Thursday, December 6, 2018

The Dark Knight Returns

By Ray Banks

About twenty-two years ago, I was given a charity anthology called Unusual Suspects. The reason: the book boasted a “lost” Jim Thompson story, “The Car In The Mexican Quarter”. Now I couldn’t tell you much about that story (I probably liked it), nor do I remember the details of work by the likes of Joyce Carol Oates, George Pelecanos, James Lee Burke or Jonathan Lethem. The only thing I do remember is the jolt of the penultimate tale, a short-short piece barely four pages long, called “Homeless”.
“When I was a little kid, I saw this demonstration in the park near my house. A lot of people, screaming and yelling. Most of the men had long hair. The man who lived with my mother would have said they were fags. There was a big sign. BRING THE WAR HOME it said."
This was my introduction to Andrew Vachss. It blew my world apart. I didn’t know writing could be like that. Declarative sentences, meticulously crafted. Statements of fact. This is the world. This is the truth. This is important. And God help you if you don’t pay attention. His voice is that of the voiceless, his focus unparalleled. Many writers are described in pugilistic terms; very few read like they’re fighting for their lives. Further research confirmed the theory: this was an author who’d been an aid worker in Biafra, a labour organiser, a director of a maximum-security juvenile prison, an attorney specialising in cases of child abuse. For a young writer prospecting for authenticity in his prospective influences, Vachss was the motherlode.

I read Shella. I read the Burke books. I narrowly avoided tumbling into existential despair. Burke’s New York is rancid to the core, populated with irrevocably damaged outsiders trying to keep the predators from their prey. His worldview is grim, his victories small. Vachss became a tough recommendation to make, more so as ultra-hardboiled pretenders aped the violence and eschewed the informed indignation. In the end, it became easier to file Vachss under “grim-dark” and leave him there. For all their rigorous intensity, Vachss’s work felt too nihilistic to revisit. But then I felt the same way about Pinter for a while. And I was wrong there, too.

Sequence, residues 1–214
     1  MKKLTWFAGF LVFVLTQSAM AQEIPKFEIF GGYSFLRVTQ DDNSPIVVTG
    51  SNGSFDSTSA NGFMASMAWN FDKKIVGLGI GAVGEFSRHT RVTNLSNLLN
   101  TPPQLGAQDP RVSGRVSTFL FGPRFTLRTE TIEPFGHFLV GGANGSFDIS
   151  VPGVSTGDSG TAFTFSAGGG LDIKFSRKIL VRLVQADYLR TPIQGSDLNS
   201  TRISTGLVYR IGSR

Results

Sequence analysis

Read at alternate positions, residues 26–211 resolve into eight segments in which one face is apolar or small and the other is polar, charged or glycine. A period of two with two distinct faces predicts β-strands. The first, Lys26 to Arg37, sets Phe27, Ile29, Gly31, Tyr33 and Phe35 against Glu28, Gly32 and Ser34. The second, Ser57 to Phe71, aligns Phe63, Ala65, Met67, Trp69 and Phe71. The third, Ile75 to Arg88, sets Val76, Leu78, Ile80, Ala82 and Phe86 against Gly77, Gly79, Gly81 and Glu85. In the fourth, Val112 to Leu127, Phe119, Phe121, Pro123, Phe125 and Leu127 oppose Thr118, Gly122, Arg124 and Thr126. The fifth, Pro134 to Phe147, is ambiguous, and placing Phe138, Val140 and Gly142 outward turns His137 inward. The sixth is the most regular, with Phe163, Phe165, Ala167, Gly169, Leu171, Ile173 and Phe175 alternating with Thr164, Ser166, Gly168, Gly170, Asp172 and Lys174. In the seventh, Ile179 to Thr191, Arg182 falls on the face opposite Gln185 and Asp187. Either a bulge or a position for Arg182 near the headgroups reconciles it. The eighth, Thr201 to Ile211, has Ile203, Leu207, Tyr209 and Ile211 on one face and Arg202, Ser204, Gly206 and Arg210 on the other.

“Don’t confuse me with others in this game. I’m no cold reader. I don’t do hypnosis, I don’t look for tells, and I don’t use Amytal or psychedelics. Staging is important, yes, but I am the only indispensable element in the equation.”

Vachss’s latest is The Questioner, a novelette from snarling new publisher Utopia Books. The eponymous (and nameless) questioner is a man schooled in the dark arts of interrogation, but for whom violence is never a means to an end. He is a persuader, a diviner, a truth prospector. Over the course of 36 pages, we follow The Questioner through a series of interrogations as he gently probes his subjects and guides them towards their absolute truth, interspersed with meditations on his craft. On a surface level, this is another in a long line of skilfully rendered psychological thrillers from Vachss; scratch that surface and you’ll find a philosophical investigation into morality on a global scale. The hard, simple truths of Burke and his ilk have become something nebulous, their solutions no longer applicable if indeed they ever were. And in case you think this is a blurring of talent, rest assured that Vachss’s prose is still as precise as ever. The difference now is that he dares to leave room for interpretation. In this respect, the novelette’s ostensibly slight length is a bonus: this is a story that demands repeated reading, and promises to offer more with each experience.

Now if you’ll excuse me, I have some re-reading to do. And what the hell, it’ll start with a demonstration in the park. That never goes out of style.


Ray Banks has worked as a wedding singer, double-glazing salesman, croupier, dole monkey, and various degrees of disgruntled temp. He currently lives in Edinburgh, Scotland and online at

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